October 12, 2020 is Indigenous Peoples Day (Federally recognized as Columbus Day). It is a good time to consider the names of things in Imnizaska (the Dakota name for Saint Paul, describing the white rock bluffs), because words matter. So many of the names of local streets and parks are recognizing the first European men to claim ownership here and laydown the city grid. Seeing the name Bde Maka Ska (Lake Calhoun) restored in Minneapolis gives me hope for the efforts for Wakan Tipi (Carver’s Cave). Interesting story in the Pioneer Press last week:
The 1875 picture of the Cave illustrates how much has changed over the last nearly 150 years. The mouth of the Cave was higher up along the cliff, until the railroads sought to take over the marshy ground where Phalen Creek meets the Mississippi. Landfill was brought in, the white cliffs were dynamited away, and the railroads brought streams of settlers to Saint Paul. When the railroads declined, the area around the Cave served as an unofficial dump.
Over the years, the Wakan Tipi Cave has been covered by natural debris falling from the cliffs above and/or man-made activities to change the landscape, and then “rediscovered”. Each time, the hope of petroglyphs and miles of tunnels capture the public’s imagination. In 1977, two hundred years after Jonathon Carver visited the Cave and met with the Dakota people, the Cave was uncovered and a steel door was placed at the mouth. Fresh water continues to stream out from under the door. What remained of the Cave rests waiting for its next chapter in the history of Imnizaska.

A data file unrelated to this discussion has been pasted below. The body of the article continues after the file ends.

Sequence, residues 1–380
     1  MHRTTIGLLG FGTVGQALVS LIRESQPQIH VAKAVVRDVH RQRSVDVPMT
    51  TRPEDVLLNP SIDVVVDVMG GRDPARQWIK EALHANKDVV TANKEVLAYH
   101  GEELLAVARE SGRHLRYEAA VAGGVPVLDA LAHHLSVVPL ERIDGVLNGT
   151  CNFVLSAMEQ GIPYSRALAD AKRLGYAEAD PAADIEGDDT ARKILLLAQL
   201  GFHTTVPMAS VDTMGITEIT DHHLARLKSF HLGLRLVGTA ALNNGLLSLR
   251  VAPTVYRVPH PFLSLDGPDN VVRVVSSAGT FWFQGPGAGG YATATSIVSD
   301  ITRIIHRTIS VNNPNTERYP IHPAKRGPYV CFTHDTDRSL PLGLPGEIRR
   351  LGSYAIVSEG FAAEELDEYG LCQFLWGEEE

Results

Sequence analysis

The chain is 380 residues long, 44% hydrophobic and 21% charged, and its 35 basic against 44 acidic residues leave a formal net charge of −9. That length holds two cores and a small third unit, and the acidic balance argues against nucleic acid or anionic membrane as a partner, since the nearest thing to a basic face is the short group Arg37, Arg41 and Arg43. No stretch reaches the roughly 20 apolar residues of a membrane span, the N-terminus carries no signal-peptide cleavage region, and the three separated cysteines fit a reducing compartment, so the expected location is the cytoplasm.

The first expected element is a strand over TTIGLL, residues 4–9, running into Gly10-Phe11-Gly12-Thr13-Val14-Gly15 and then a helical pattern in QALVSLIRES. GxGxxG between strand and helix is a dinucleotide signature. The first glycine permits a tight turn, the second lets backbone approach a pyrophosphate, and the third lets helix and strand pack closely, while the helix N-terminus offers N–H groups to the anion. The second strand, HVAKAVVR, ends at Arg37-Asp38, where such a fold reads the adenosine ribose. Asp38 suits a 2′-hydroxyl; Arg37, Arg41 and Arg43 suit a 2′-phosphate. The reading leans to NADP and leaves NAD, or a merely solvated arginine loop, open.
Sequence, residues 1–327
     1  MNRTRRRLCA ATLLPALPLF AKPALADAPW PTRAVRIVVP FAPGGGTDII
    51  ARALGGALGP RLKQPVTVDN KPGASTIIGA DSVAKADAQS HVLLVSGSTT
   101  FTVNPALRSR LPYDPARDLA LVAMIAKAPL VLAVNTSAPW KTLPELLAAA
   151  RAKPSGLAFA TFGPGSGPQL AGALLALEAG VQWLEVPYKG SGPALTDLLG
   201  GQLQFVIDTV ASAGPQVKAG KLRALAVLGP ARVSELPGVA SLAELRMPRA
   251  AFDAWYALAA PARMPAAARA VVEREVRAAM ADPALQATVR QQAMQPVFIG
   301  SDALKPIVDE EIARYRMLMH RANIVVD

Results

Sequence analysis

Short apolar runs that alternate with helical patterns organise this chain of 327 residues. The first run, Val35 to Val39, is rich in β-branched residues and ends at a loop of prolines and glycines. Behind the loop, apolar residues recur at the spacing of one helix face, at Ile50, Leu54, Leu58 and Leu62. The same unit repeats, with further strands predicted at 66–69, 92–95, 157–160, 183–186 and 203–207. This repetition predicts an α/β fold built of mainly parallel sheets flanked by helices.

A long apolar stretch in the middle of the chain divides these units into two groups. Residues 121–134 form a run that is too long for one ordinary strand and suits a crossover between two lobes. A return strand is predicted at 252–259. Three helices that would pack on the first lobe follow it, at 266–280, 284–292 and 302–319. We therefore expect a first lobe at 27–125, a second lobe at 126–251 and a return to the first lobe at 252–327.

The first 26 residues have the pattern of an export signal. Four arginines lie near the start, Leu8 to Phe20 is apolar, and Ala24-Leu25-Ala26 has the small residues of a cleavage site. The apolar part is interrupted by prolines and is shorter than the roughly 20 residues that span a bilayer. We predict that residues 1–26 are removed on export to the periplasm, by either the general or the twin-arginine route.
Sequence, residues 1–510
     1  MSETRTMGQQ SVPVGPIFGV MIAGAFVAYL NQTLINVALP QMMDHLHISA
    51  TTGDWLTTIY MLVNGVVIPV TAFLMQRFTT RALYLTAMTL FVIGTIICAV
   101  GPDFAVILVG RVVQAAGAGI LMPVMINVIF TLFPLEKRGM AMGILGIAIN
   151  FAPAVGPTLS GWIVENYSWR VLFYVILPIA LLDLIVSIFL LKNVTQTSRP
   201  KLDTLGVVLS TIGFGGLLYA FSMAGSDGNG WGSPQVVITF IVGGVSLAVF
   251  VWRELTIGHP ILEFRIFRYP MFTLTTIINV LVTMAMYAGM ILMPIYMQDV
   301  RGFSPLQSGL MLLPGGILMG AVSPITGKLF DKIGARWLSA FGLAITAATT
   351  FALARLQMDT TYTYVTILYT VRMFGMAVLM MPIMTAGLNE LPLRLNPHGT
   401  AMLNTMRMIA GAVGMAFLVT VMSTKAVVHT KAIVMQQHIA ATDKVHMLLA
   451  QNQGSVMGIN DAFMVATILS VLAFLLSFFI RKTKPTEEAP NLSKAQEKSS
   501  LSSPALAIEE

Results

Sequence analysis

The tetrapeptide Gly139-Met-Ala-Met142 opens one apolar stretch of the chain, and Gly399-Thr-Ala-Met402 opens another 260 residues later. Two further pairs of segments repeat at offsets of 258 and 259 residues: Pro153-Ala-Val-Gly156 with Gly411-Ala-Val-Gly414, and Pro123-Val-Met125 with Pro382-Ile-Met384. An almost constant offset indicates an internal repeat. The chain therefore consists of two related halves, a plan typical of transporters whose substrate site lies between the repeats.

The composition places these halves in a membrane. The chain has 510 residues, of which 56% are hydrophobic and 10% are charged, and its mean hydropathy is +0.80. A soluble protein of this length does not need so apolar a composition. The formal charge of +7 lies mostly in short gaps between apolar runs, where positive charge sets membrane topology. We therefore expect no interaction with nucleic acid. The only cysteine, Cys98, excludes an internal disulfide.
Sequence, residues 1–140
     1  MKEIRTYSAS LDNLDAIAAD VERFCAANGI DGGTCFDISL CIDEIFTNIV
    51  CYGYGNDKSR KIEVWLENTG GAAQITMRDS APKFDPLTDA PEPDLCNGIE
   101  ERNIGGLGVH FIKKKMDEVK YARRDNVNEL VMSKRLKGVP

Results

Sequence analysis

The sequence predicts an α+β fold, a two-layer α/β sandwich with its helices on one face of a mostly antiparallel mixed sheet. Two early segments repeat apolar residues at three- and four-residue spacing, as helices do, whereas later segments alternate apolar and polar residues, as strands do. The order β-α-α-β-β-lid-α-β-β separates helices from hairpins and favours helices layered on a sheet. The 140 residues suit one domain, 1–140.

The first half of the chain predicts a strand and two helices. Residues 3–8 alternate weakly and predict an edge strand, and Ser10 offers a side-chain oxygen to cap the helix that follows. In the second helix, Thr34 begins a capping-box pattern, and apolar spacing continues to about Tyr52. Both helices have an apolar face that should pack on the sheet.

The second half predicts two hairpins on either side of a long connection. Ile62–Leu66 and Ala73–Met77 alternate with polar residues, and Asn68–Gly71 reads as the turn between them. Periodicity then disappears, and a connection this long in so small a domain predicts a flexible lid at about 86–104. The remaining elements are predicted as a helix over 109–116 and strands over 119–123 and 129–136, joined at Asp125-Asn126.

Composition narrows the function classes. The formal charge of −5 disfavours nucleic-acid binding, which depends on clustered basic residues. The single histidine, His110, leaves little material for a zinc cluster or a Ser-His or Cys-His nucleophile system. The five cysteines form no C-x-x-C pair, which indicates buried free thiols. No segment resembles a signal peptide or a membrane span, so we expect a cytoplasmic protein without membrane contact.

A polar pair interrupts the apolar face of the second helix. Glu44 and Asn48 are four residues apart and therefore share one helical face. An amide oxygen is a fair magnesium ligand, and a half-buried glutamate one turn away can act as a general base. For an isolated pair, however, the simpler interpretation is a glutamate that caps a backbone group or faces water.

In 2005, the area around the Cave was rehabilitated with the creation of the Bruce Vento Nature Sanctuary. It was this video of Jim Rock, Dakota scholar and educator, that inspired me to add a medallion to my map drawing of Phalen Creek and Trout Brook (Swede Hollow).
Wakan Tipi translates to “dwelling place of the sacred.” Very excited to watch the progress of the Wakan Tipi Center. https://www.lowerphalencreek.org/wakantipicenter